Images for Schools
This page includes a number of high definition images that can be downloaded for use in the classroom. Click on the images to download a high resolution version.
Older pictures of Lyme Regis
People often forget that Lyme Regis was a commercial port. It was used by boats for local fishing, by stone boats involved in quarrying the local cliffs and also by trading vessels.
Most visitors only see Lyme Regis in the summer and do not see how powerful a storm can be. The Cobb has been destroyed or badly damaged several times by powerful storms. The most recent major damage was in 1825. Houses on the sea front have also been badly damaged. Visitors to the museum will seen the long case clock which was found on the beach having been swept from a house in Cobb Hamlet.
In this picture local fishing boats can be seen dragged onto the shingle.
Hydraulic cement manufacture started on Monmouth beach in the 1850’s. Hydraulic cement is good quality cement that sets underwater and does not shrink as it dries. The works chimneys became a distinctive part of the Lyme Regis Skyline. The first works was built in the mid 1850’s but was replaced in 1870’s by a new works to the east which made Portland cement. Unfortunately the industry produced smoke and pollution, especially because it used poor quality cheap coal. This lead to public complaints. The works closed in 1914 due to the war and was never reopened. The iconic chimneys were demolished in 1936.
Bathing machines were hired out by the hour by an attendant who wheeled them and the occupant into the sea. Bathing in the sea was thought to cure a wide variety of illnesses. Machines such as these have now been replaced by static beach huts which can still be seen along the sea front at Lyme. These allow people not only to change in privacy but also make hot drinks or sit and read.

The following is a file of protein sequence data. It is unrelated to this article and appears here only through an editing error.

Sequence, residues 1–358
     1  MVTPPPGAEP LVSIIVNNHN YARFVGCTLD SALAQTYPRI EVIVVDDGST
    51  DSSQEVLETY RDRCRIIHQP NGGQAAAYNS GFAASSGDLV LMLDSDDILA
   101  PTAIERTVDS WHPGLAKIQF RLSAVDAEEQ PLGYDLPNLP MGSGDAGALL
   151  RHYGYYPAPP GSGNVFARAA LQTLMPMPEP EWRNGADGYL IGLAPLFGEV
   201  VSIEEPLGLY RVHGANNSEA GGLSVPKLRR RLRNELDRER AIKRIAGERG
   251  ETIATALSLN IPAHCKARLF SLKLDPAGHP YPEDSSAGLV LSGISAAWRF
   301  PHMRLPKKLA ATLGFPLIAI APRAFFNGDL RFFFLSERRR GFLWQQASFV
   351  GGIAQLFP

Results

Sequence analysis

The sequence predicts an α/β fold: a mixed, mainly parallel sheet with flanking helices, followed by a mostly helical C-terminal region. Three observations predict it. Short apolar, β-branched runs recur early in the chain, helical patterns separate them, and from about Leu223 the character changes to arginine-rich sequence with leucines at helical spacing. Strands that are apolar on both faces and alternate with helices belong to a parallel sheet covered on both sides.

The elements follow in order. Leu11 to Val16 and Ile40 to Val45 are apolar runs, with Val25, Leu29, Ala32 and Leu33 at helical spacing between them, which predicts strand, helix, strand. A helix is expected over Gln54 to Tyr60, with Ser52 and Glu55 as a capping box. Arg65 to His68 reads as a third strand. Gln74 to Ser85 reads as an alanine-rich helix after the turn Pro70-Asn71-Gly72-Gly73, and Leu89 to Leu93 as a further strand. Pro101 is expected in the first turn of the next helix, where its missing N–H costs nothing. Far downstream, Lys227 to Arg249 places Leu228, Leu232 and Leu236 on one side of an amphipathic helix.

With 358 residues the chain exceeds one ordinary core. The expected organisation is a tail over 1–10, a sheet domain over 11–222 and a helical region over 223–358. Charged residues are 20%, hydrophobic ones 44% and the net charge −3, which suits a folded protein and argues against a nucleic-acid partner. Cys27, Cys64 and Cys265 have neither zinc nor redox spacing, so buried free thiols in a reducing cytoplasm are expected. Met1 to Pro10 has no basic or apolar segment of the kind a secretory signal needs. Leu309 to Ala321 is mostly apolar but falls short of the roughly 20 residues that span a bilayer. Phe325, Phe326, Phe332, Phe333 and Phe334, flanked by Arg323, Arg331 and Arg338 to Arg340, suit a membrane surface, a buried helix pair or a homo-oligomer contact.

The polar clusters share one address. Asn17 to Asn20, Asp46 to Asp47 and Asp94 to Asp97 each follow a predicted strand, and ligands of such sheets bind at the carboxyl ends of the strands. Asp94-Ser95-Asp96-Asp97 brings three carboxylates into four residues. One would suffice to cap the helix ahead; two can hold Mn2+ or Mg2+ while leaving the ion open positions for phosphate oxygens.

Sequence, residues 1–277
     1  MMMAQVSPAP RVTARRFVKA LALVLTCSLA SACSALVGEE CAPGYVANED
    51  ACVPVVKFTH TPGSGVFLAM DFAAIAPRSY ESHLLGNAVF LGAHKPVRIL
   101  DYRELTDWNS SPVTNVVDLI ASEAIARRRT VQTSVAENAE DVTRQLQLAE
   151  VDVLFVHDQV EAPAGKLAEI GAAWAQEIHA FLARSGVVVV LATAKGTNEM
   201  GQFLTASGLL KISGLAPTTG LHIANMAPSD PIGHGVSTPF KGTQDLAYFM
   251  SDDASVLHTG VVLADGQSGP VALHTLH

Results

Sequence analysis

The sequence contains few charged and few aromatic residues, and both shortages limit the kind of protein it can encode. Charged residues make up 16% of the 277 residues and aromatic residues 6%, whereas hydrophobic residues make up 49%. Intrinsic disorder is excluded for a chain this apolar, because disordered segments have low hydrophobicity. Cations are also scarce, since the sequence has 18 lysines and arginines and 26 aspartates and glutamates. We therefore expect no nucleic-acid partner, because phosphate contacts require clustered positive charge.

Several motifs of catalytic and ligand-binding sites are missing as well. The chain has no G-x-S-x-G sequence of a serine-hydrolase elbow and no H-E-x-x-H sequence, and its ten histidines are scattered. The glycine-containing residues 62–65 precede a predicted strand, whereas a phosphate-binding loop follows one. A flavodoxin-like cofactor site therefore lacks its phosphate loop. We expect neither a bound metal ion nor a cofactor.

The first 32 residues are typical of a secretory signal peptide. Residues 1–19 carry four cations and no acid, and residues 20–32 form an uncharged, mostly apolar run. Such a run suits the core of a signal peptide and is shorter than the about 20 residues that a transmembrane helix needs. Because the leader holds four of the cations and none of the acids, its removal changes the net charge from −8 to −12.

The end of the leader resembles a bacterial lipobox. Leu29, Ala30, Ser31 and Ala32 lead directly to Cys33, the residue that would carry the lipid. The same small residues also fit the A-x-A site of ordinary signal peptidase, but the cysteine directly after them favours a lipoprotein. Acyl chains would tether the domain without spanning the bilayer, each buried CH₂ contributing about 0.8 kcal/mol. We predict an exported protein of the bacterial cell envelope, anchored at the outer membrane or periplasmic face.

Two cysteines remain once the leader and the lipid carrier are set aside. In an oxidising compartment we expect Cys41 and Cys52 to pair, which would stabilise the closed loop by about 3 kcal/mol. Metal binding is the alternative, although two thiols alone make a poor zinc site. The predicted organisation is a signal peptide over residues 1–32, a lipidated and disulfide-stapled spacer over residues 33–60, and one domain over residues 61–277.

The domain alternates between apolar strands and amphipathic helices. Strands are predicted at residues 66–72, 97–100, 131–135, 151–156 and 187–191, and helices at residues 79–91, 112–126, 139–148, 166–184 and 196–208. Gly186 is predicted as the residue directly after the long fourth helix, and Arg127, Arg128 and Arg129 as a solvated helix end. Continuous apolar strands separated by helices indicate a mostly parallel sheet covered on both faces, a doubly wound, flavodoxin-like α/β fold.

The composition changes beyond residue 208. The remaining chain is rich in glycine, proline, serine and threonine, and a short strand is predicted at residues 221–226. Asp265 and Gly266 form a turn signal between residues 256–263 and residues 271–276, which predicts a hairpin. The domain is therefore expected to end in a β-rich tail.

Modern pictures of Lyme Regis
This cliff is to the east of Lyme Regis and is made of alternating layers of limestone and shale called the Blue Lias. This is the oldest of the Jurassic rock layers to be seen around Lyme. It is named for the Church which sits on the cliff above. In Mary Annings time more of the cliff was visible but it has now been covered by a sea defence wall. This was due to the quarrying of the ledges in Victorian times which increased the erosion rate of the cliff.
This picture shows one of the Lyme Regis street lights which incorporates the iconic ammonite design. The ammonite is probably one of the best known fossils from Lyme Regis. It can also be seen some of the local railings and the pavement outside the museums.
There are many pleasure boats in Lyme Regis today but in the past the Cobb was an important port. As ships became bigger the Cobb too shallow to accommodate them and its importance as a trading port diminished. Today tourism and leisure are far more important to Lyme’s economy.
The oldest part of the St Michaels Church is the base of the tower which dates back to the Anglo-Saxon period. The church was expanded and altered in Norman times. A window in the church commemorates Mary Anning, it overlooks her grave. During Victorian times cliff erosion caused the end of the churchyard to start to fall into the sea. As early as 1823 a local gentleman called Roberts wrote of the folly of allowing quarrying in this area. This erosion lead to the start of cliff defence works on Church Cliff. The current sea defences are due to soon be strengthened.